LastOfTheAuthors Top 5 Books Of The Year

With the year 2014 drawing to it’s close, I thought it would be appropriate to give you my top five books of the year.
Reading is a keen recreational hobby of mine but it is also one of my jobs; to read and review books, mainly from new indie authors. Of course I will point out a few of the books I’ve read wont necessarily have been published this year, they are purely books I’ve picked up either through interest, through word of mouth or through my book review sites. So here is my list, beginning with the winner.

1. Humans by Matt Haig
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It was a tough choice choosing my favourite book of the year, I’ve read close to thirty over the past twelve months and some can become easily forgotten. Although I picked this book up right at the beginning of 2014 it has remained in my thoughts since page one.
Humans is a wonderfully written novel from the point of view of an alien. This alien has overtaken the form of a human body in order to prevent the discovery of the Riemann theory and thus the end of our existence. Written in first person, the reader is taken on a journey of discovery on our own species. The book is quite simply hilarious, there are not many books I can say I have read that have had me laughing out loud in front of many strangers. Aside from the hilarity that is us as a species, the novel takes on a deeper meaning as the alien begins to learn what makes us human and what it means to feel the indescribable; love.
If you haven’t picked this book up yet, then I cannot recommend it enough. Do yourself a favour and begin 2015 with a cracker.

2. I am Pilgrim by Terry Hayes
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This book was piped and I really mean it only just shaded second place to Humans. Quite simply superb.
Without giving too much away, the book is about the story of an American super spy who is out to stop a genius Jihadist planning to destroy the ‘West’ using a pandemic of small pox. It is a very long book compared to the simpler to read 300 or so pages that publishers tend to throw at us these days, so this could seem quite off putting, however I can tell you that the read flows so well and quickly that you will be surprised you finished.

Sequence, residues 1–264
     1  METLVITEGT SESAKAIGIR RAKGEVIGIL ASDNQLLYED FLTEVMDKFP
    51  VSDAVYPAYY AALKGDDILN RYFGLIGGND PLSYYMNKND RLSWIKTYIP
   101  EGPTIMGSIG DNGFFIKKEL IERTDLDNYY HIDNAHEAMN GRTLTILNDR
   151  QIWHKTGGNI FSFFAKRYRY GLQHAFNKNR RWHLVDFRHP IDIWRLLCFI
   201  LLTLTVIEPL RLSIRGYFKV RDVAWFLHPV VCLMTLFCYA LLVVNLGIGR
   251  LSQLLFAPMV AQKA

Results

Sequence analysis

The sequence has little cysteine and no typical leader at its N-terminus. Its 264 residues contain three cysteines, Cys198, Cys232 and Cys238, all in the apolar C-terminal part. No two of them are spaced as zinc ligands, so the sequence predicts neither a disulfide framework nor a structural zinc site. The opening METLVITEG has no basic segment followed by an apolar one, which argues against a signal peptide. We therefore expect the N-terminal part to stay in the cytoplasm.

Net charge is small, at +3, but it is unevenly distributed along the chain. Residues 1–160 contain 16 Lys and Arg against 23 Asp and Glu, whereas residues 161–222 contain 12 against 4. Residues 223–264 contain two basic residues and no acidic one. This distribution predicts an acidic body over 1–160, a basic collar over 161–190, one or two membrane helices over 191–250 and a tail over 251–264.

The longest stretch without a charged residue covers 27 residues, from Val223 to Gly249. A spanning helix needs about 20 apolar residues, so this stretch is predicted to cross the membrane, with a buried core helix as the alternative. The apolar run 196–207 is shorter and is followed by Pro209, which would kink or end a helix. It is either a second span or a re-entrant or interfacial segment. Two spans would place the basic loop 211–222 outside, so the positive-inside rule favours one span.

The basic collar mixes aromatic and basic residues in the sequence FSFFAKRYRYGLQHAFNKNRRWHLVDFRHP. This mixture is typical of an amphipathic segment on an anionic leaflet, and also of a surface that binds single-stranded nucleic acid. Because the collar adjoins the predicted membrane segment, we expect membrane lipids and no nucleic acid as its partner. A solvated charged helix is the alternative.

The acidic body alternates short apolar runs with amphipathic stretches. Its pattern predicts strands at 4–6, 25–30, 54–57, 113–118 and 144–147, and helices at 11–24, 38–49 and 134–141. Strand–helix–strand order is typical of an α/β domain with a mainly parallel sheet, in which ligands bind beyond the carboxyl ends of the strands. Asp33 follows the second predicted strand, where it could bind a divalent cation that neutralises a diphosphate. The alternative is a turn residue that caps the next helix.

This book might not be for you if you have anything against James Bond or the Jason Bourne series, it is action packed, intelligent spy thrilling at its very, very best.

3. Dust by Hugh Howey
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Although I’m a little biased on this book, Hugh Howey being one of my literacy heroes (especially modern day), this was a fantastic read.
Dust is the third and last instalment of the critically acclaimed Wool series. The book itself certainly wasn’t published this year, I held onto it for as long as possible before finally giving in; just like a really good television series that you enjoy so much.
The Wool series is based in the nearby future where we live in Silos underground, only stories are our understanding into the past of how Earth used to be. The only vision of outside life is through a small outside camera that gets cleaned by criminals sentenced to their death.
Throughout the series there are many twists and turns, I found myself begging for answers just as badly as the characters in the book. The answers didn’t disappoint and I was left with sadness inside as the story came to an end.
Dust and the whole of the Wool series is Sci-fi brilliance, don’t be a fool and wait for a cinematic release and read now.

4. Networked by L K Chapman
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I have read many Indie books this year and a lot of them came very close to contention for my top five, the standard of books coming through the self publishing market is outstanding, it is up to us as bloggers to uncover the real gems that help you, the reader find something you might not find on your local bookshelf. There was one stand out book in the indie category for me, Networked by L K Chapman.
The story follows a basic concept of game developers that have been working on a game for years of their life, only to have it all wiped and then replaced. Sounds simple enough, until this story spins into a real page turner that battles a whole variety of issues.
I will be keeping a close eye on future Chapman books; she is a raw talent that will eat this industry up.

5. The First Fifteen Lives Of Harry August by Claire North
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This book was recommended to me by a friend, the blurb alone had me intrigued.
Harry August is a kalachakra , one of a very few extraordinary people who die only to be reborn at the same point in history, to live parallel lives that loop perpetually through the same course of historical events, albeit experiencing changes in their own lives. What’s unusual about Harry August is that he remembers everything, every time he is reborn. The end of the world is coming and it is up to Harry to stop it.
I found the story gripping from beginning to end, Miss North has an exceptional gift. My only downside was the use of ‘bigger’ words, when I felt there was no need, almost felt a bit peacock showing off everything it has, perhaps too ‘in your face’. The story alone was enough to break my top five, definitely worth a read.

I would like to say a big thank you to all readers. I hope you have a wonderful 2015!

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